The government recently announced that it wants to replicate Telkom’s public-private partnership to save the insolvent South African Airways (SAA).
The Department of Public Enterprises (DPE) said it has started negotiations with private entities interested in buying into South Africa’s national carrier.
SAA needs at least R10 billion to resume operations and the DPE said it wants SAA to resume operations by the year-end.
DPE director-general Kgathatso Tlhakudi said they have received “as many as four promising proposals”.
Tlhakudi said the government is keen to replicate the privatization of former state monopoly Telkom, which was partially sold to outside investors ahead of a listing on the JSE.
“That proved to be a very good model for Telkom as it brought into the company management discipline and the important discipline of delivering a product on time to the market,” Tlhakudi said.
He added that, just like Telkom, the new SAA may eventually be listed.
Telkom versus SAA
The government’s plan to replicate Telkom’s public-private partnership model may seem like a logical solution, but the two companies are very different.
SAA has been gutted by years of corruption and mismanagement and had to be bailed out numerous times to continue operating.
The airline’s financial challenges became so untenable that it was placed into business rescue in December 2019.
Global travel bans and more efficient competitors mean there is not much demand for SAA’s services.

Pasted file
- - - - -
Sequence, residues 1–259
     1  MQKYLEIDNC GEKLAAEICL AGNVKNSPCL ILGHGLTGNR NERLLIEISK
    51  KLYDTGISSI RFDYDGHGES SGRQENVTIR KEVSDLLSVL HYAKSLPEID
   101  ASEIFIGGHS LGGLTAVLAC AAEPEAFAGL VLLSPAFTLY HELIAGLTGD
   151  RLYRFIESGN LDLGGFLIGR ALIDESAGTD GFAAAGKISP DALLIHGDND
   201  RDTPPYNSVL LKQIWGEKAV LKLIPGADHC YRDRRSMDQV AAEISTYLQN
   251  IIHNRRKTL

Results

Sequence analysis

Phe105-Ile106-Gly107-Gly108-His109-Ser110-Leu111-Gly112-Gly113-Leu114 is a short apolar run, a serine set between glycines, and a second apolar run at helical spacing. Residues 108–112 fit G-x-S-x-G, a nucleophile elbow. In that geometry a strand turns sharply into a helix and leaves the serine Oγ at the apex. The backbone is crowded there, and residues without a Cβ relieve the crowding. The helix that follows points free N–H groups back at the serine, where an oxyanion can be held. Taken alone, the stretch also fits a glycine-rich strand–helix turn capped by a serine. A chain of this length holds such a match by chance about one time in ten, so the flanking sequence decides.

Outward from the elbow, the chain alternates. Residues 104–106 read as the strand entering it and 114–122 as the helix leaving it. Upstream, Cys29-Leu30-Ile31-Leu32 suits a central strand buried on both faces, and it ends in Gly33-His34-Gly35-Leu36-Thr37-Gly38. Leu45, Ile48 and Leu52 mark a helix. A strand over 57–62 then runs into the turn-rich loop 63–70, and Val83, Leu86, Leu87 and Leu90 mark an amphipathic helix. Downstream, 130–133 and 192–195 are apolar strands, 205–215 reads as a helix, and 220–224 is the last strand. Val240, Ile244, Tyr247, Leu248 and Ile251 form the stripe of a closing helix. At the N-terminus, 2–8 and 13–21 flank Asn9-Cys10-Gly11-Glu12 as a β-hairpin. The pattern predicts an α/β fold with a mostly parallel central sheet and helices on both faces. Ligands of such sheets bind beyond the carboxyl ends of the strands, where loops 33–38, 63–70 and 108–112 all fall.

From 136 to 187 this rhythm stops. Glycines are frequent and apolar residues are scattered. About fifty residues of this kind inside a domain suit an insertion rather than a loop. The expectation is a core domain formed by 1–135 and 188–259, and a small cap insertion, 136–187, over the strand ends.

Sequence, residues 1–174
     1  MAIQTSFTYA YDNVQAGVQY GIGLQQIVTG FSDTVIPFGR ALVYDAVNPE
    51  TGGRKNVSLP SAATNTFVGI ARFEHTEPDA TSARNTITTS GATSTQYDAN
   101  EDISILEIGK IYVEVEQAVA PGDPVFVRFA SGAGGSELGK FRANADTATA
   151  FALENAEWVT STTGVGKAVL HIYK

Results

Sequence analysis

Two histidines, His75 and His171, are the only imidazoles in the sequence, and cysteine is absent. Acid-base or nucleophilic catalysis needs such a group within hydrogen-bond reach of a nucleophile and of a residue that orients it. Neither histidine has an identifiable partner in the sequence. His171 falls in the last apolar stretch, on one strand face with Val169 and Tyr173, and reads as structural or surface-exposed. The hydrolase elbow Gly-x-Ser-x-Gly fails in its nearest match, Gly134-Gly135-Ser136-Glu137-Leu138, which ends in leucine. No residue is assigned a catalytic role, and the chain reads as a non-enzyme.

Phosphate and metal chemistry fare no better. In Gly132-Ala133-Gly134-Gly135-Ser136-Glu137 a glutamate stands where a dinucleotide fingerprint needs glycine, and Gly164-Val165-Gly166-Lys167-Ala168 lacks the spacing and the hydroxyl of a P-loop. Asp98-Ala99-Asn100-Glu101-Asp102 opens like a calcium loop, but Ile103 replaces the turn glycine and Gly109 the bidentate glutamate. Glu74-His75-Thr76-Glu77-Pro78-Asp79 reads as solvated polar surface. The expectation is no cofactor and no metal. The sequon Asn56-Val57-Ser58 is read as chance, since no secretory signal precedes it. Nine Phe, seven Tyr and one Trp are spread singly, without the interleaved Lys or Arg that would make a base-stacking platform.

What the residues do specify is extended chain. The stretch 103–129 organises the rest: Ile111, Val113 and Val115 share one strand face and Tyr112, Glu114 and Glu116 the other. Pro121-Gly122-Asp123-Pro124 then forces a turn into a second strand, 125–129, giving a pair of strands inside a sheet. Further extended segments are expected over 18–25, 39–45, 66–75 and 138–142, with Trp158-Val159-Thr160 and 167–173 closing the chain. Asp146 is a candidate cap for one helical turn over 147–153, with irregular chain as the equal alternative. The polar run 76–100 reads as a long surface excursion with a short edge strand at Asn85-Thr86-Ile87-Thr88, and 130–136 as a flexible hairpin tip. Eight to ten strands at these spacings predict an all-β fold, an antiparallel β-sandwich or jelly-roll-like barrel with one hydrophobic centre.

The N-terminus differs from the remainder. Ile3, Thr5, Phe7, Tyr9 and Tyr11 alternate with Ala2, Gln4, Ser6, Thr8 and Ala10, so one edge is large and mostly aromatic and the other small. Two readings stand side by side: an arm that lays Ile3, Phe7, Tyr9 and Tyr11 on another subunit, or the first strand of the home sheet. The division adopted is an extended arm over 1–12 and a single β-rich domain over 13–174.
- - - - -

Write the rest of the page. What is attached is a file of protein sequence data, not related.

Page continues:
If it disappeared, travellers could easily be served by other airlines. There is, therefore, no real need for a national carrier.
To compare the bankrupt SAA to Telkom before it was listed is completely misguided.
When a 30% stake in Telkom was sold to SBC Communications (now AT&T) and Telekom Malaysia in 1997, the company was in good shape.
It was well-run, had great assets, and had been performing well financially for years.
In the 1996/1997 financial year, Telkom grew its revenue by 23% to R16.3 billion and its profit by 46% to R4.4 billion.
It has also shown strong revenue and profit growth for the five years preceding the deal with a big increase in dividends for shareholders.
Telkom further enjoyed a government-protected monopoly in the fixed-line telecommunications market and was a 50% shareholder in Vodacom.
It was a great company for anyone to invest in. There was tremendous demand for telecoms services, and there were few other avenues to buy into the industry.
Telkom also paid handsome dividends to its shareholders and the outlook for the telecommunications sector was excellent. In short, it was a dream for any investor.
To compare Telkom in 1997 to the SAA in 2020 is a very poor and misguided view of the two companies.
The SAA is bankrupt, it does not have many significant assets, and the outlook for the airline industry is not good.
To find a private partner who is willing to invest billions in the national carrier will be a much tougher sell than Telkom in 1997.
The table below provides an overview of Telkom in 1997 and SAA in 2020.
|Telkom in 1997 vs SAA in 2020|
|Revenue||R16.3 billion||R27.0 billion|
|Profit/Loss||R4.4 billion profit||R5.0 billion loss|
|Legally protected monopoly||Yes||No|
|Strong demand for services||Yes||No|
|Growth in recent years||Yes||No|
Telkom 1997 financial results
SAA 2019 financial results
Now read: New SAA set to relaunch in January 2021